What’s also cool is that the Mainline dyno can emulate a Motec PLM on the same CAN bus, so it can output the wideband data from its tailpipe probe back to the ECU. In the ECU settings we select lambda sensor as being CAN, and then select the wideband over CAN to be the Motec PLM. This means we can use an external sensor on the ECU without having to mount one in the car or have a second tailpipe probe. This means you can do the fuel map lambda error overlay in the software easily which makes mapping very fast. Of course the ideal would be to mount a 5-wire in the car permanently but not every job can afford that. In the future we’ll be able to send the data from the dyno to the ECU over serial so it can just plug into the front of the ECU.
Output wideband data
The ECU also has 4 serial ports, so you can connect wideband sensors in via those, and also drive serial based dashes through these ports.
In this installation I’m using the built-in MAP sensor on an inlet runner port. Ideally you’d use both inlet runners with a T-piece, or better still, the inlet manifold. One potential downside of using the port at the bottom of the inlet manifold after the throttle body is that if your turbocharger leaks oil then a lot of oil can flow down that port because it faces downwards, whereas the nipples on the primary runners would require the oil to run uphill to get into the ECU’s MAP sensor. Also this car still had the factory airbox so I wanted to retain the vacuum control of the airbox flap.
If you do want to connect other devices to the ECU, such as oil or fuel pressure sensors, or wire in an 8 cylinder engine, remember that you can go to the wiring page in the software and see where each of the pins on the ECU actually connects internally. The base map comes with the factory wire colours and functions but you can update these based on whatever you change in your car.
The ECU also allows up to 2 x small modules to be installed. At the moment there’s not a lot of need for this, but maybe in the future you might want to add in 4 x wheel speeds connected directly rather than via CAN, or have another 6 auxiliary outputs, or another 4 analogue inputs. These small module positions each have 6 pins that come out to unused pins on the factory ECU connector.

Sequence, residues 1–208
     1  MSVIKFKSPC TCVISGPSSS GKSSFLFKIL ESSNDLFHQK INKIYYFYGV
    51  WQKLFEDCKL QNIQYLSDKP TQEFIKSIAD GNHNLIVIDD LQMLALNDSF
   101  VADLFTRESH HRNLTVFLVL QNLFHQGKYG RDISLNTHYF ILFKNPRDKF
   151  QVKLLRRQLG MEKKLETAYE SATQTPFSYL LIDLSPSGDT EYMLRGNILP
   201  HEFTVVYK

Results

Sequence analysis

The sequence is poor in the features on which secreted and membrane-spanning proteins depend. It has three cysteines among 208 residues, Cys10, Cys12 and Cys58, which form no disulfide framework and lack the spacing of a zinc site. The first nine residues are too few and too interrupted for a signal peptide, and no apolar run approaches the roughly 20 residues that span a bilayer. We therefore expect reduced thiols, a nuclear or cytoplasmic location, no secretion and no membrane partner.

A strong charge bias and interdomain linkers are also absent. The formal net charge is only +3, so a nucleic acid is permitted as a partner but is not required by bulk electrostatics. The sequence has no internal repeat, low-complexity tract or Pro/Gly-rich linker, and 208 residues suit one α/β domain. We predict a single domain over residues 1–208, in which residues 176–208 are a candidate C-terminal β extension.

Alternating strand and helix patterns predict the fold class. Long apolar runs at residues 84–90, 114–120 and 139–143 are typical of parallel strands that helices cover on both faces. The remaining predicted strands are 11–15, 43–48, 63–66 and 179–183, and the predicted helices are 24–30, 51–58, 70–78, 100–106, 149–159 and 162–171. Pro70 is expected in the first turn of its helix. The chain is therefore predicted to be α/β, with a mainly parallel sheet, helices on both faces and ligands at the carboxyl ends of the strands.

2 small modules upgrade positions
I’ve done plenty of other videos about fuel modelling so I won’t go into it again here, but one thing I will say is that with our staged injection model you can either let the ECU work out the amount of fuel to go to each injection stage automatically, or you can specify the percentage of each stage. This is a fuel mass percentage, so with different injector sizes between primary and secondary, if you set 50% then this will correspond to different pulse durations for each stage.
Injector Staging Menu
When I first ran up this naturally aspirated RX8, I discovered it was lower in power than I was expecting. This was using the default staging method of using up the primaries as much as you can up to a 2ms off time, then the P2 injectors which are also in the primary runners, until they no longer have 2ms of off time, and then finally the rest with the secondary injectors. Then I remembered something Paul Yaw told me at PRI one year, and I changed it so that 50% of the fuel went to the secondaries above the RPM at which the secondary runners open, 25% to the P2 injectors and 25% to the P1, which is easy to do in the injector staging map – and the power came straight up; I assume due to more homogeneous mixture in the chamber because equal amounts came in each end. It might be worthwhile putting even more to the secondaries, eg 60% or 70% because at high RPM we have the secondary ports and the auxiliary ports open but I’ll leave that as an exercise for the tuner.
Injector Staging 2
Injector staging 3
Rx8 Base vs Factory
Stage 1 does not support cruise control or traction control via CAN.